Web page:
The law of supply and demand drives traditional economics: The rarer a product, the more a business can charge for it. Conversely, an item in bountiful supply usually commands a lower price because competition drives down its perceived value and businesses must compete on the basis of price. In addition to these commonly accepted considerations, supply and demand also impacts business decisions by influencing what businesses purchase and even making it more or less feasible for a business to use a particular raw material.


When a business has flexibility in the choice of materials to put into a product, it makes sense to use items that are abundant rather than scarce. Having a steady supply of necessary materials also makes ordering and inventory control simpler, allowing a business to get what it needs when it needs it rather than juggling and keeping track of multiple suppliers and investing unsustainable sums in inventory to avoid running out.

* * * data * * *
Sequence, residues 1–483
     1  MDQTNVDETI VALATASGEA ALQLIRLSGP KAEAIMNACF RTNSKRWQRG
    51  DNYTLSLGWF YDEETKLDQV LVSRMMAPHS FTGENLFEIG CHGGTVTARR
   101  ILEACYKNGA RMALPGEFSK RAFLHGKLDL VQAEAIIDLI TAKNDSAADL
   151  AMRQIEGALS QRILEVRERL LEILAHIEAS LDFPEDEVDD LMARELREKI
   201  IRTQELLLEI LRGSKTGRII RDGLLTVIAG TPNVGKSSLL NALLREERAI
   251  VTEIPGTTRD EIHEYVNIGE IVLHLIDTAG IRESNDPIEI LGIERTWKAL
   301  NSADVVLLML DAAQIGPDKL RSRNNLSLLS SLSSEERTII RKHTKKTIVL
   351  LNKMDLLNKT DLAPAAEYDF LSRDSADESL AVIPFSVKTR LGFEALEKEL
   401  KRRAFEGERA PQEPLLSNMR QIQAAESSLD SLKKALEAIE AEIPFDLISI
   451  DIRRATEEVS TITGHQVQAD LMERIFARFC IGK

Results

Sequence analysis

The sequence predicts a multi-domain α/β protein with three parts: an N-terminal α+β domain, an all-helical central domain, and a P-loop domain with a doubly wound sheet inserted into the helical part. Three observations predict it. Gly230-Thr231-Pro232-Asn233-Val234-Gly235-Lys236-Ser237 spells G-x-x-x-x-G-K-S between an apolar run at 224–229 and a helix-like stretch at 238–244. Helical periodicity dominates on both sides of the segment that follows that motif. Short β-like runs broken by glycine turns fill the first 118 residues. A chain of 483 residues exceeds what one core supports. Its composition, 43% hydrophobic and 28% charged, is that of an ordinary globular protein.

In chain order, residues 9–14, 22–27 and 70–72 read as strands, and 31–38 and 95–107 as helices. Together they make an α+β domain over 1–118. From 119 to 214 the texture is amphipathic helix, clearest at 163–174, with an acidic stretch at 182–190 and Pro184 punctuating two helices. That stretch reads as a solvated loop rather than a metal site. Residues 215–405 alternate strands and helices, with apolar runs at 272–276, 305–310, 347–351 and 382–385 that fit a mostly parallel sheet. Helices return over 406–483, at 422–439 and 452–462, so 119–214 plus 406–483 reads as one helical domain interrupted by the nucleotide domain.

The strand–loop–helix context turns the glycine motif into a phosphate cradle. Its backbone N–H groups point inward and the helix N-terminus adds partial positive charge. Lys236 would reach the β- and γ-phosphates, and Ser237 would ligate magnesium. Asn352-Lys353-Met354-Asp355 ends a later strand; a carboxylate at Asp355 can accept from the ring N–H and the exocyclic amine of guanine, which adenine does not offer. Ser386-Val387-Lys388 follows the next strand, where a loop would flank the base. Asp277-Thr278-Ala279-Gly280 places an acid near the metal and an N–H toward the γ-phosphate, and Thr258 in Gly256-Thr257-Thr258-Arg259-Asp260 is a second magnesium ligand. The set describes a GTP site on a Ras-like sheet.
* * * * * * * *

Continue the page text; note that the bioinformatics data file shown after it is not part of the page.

Using readily available supplies ensures that a business will not pay too much for materials, enabling it to either increase profits or keep prices low. Conversely, using scarce materials that customers see as valuable by virtue of their scarcity allows a business to charge higher prices. If a business manufactures a popular product and can't keep up with demand, this supply shortfall could also justify raising prices to raise additional revenue and invest in infrastructure that allows the business to increase production.


Choosing to use materials that are abundant allows a business to provide customers with a steady supply of inventory, offering them consistency and predictability. If a business wholesales fresh mushroom pate using rare and expensive wild mushrooms, it can expect to not always be able to provide customers with what they need, even though the business created a demand for the exotic food. The decision to use a more readily available mushroom allows customers to plan their menus around the business's offerings, in turn providing consistency to their customers.


A demand that exceeds available supply provides the basis for a compelling marketing message, influencing decisions about advertising and outreach. Customers who truly want a product but cannot know whether supplies will last can be motivated to take advantage of short-term availabilities. A popular item that is not always available makes a great story, one that may be picked up by the media, providing the basis for subsequent marketing campaigns.